Was this comment helpful?Yes
Comment from: worried, 45-54 Male (Caregiver) Published: May 01

My husband was hospitalized for 10 days in 2013 with sudden onset of acute pain to his legs, weakness leading to paralysis (legs), and within hours involving bladder and bowel dysfunction. He was treated with IV steroids as they initially thought he had transverse myelitis. They did not do a spinal tap unfortunately. He was diagnosed by a neurologist a few months later with Guillain-Barre. Now past the 1 year mark he still has significant impairment - severe neuropathic leg(s) pain, urinary/bowel dysfunction (managed with medications), constant (minute) muscle twitching of the arms and legs even when sleeping, impaired balance, depression, altered sense of taste, and memory problems. He is able to work (self-employed) and to walk independently but relies on an electric scooter for long distances, i.e. malls. He"s unable to do many things that he used to enjoy i.e. golf, travel, walking. He"s on Naproxen and the maximum dose of Lyrica. His Cymbalta was recently increased to the maximum as well. I"d be interested to know of any other pain treatment options.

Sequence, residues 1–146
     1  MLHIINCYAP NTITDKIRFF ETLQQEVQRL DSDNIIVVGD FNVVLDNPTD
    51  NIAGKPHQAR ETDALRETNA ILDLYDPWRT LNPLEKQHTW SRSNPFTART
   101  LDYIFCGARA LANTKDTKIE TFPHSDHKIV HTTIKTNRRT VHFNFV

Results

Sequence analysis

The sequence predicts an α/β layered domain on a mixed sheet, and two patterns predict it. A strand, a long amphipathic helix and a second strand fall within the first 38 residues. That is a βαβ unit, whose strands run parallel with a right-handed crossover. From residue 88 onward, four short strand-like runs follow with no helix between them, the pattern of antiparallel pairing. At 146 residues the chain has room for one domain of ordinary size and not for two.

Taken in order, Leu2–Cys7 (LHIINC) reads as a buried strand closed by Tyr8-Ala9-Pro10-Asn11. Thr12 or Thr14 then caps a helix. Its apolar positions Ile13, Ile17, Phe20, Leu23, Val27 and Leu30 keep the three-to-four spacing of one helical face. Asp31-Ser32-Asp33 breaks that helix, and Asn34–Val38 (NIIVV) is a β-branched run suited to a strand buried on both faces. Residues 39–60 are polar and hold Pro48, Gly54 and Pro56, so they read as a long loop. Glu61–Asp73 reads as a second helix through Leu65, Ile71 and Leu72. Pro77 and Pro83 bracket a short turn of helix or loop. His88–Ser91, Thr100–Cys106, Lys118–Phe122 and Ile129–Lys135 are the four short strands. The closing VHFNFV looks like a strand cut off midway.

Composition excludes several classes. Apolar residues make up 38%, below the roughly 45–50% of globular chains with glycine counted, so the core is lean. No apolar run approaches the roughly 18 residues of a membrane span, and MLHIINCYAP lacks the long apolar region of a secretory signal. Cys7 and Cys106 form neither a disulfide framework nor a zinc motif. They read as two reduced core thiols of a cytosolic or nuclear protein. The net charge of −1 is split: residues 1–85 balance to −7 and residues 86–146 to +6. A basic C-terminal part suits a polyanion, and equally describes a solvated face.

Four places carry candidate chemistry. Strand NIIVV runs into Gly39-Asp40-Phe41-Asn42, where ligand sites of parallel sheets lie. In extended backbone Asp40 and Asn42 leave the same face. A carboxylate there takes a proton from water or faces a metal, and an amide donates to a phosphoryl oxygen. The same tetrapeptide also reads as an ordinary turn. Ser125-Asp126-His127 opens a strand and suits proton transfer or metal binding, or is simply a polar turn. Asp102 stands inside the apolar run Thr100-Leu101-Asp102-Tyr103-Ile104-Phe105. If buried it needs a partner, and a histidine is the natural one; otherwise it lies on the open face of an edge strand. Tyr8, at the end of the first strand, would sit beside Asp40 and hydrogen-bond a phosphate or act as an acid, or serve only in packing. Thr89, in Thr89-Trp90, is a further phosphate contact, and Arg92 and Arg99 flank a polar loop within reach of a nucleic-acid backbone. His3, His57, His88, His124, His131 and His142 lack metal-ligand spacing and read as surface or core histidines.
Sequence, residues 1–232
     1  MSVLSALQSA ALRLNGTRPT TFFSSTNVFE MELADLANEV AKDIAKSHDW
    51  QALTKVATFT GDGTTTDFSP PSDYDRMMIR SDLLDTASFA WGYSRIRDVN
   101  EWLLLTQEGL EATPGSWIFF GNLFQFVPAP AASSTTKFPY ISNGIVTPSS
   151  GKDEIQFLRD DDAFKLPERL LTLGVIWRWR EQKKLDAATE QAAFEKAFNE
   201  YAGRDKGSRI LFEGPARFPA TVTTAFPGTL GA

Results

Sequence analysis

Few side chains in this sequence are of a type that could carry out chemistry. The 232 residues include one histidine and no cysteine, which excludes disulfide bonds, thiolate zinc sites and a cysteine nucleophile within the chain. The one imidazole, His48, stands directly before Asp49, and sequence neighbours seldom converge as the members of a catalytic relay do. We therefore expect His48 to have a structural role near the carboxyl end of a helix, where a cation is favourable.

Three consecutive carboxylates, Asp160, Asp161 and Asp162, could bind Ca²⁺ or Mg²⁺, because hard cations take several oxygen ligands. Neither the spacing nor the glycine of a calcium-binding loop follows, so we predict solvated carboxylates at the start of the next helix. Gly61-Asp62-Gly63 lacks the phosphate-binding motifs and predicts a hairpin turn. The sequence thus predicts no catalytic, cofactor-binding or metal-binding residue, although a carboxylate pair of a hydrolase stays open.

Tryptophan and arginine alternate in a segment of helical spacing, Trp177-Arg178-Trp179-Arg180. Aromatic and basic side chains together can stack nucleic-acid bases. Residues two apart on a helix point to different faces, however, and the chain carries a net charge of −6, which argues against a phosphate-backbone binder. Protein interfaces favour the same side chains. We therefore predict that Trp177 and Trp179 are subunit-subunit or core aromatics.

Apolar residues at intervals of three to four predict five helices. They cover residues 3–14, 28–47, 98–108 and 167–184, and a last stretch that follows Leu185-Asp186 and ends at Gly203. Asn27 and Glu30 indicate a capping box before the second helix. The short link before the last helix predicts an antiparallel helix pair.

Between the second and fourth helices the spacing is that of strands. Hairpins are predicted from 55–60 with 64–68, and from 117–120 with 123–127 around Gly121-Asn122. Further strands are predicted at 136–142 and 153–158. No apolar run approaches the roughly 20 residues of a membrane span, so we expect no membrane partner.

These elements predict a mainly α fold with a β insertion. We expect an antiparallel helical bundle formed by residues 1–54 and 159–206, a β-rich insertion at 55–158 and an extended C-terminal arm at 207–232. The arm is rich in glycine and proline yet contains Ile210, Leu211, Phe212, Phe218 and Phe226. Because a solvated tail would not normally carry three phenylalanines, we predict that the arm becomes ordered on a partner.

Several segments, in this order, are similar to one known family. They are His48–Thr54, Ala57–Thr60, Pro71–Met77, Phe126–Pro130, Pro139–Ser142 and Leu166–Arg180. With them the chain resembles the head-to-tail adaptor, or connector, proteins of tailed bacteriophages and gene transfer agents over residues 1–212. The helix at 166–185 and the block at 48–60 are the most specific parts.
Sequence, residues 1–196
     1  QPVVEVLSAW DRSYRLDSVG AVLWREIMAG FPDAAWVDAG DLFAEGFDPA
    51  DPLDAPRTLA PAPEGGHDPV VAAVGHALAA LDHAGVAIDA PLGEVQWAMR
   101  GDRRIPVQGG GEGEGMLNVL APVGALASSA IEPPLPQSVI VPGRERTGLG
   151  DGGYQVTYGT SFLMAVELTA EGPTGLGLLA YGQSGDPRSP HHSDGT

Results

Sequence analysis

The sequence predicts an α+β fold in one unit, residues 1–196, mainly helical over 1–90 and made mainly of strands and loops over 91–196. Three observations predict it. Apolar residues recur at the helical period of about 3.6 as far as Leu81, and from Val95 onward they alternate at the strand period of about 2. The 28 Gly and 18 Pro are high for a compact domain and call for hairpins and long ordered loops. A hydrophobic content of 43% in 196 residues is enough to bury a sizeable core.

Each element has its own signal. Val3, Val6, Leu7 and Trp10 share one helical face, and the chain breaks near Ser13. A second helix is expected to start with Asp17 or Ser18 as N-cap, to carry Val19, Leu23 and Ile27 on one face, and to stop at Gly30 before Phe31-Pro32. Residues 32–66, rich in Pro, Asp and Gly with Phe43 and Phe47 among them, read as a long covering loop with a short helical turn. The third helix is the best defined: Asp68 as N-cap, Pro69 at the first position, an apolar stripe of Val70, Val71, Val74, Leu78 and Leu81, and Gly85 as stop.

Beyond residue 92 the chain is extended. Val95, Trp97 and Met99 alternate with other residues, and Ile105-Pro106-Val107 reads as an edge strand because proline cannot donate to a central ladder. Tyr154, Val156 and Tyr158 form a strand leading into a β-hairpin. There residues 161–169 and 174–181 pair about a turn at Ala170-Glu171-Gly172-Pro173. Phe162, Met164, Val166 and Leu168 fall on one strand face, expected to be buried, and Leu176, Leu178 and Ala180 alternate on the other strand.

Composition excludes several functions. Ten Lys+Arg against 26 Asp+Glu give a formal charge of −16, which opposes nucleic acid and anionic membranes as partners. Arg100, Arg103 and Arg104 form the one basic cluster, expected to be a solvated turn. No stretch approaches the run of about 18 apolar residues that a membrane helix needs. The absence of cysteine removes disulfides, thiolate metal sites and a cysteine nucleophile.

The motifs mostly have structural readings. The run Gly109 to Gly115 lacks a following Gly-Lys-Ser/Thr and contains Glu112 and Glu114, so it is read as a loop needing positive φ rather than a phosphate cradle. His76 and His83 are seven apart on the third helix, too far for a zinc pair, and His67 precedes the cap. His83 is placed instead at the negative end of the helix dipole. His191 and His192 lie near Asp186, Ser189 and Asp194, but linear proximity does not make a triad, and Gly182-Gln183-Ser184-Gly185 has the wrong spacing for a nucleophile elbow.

Was this comment helpful?Yes
Comment from: Richard 10, 45-54 Male (Patient) Published: March 07

I must be in the 30% range of those who still have major problems from GBS (Guillain-Barre syndrome). I was diagnosed in February of 2013 and still today am disabled and home bound for the majority of the days. I still have chronic fatigue, tingling, muscle burning, and what I call electric shock. My motor skills are off just a little and my memory is off some as well. I am feeling a little better but still have sick all over feelings from time to time. I hope my story helps those in the 30% not recovering quickly range.

Was this comment helpful?Yes
Comment from: blessed, 55-64 Female (Patient) Published: February 28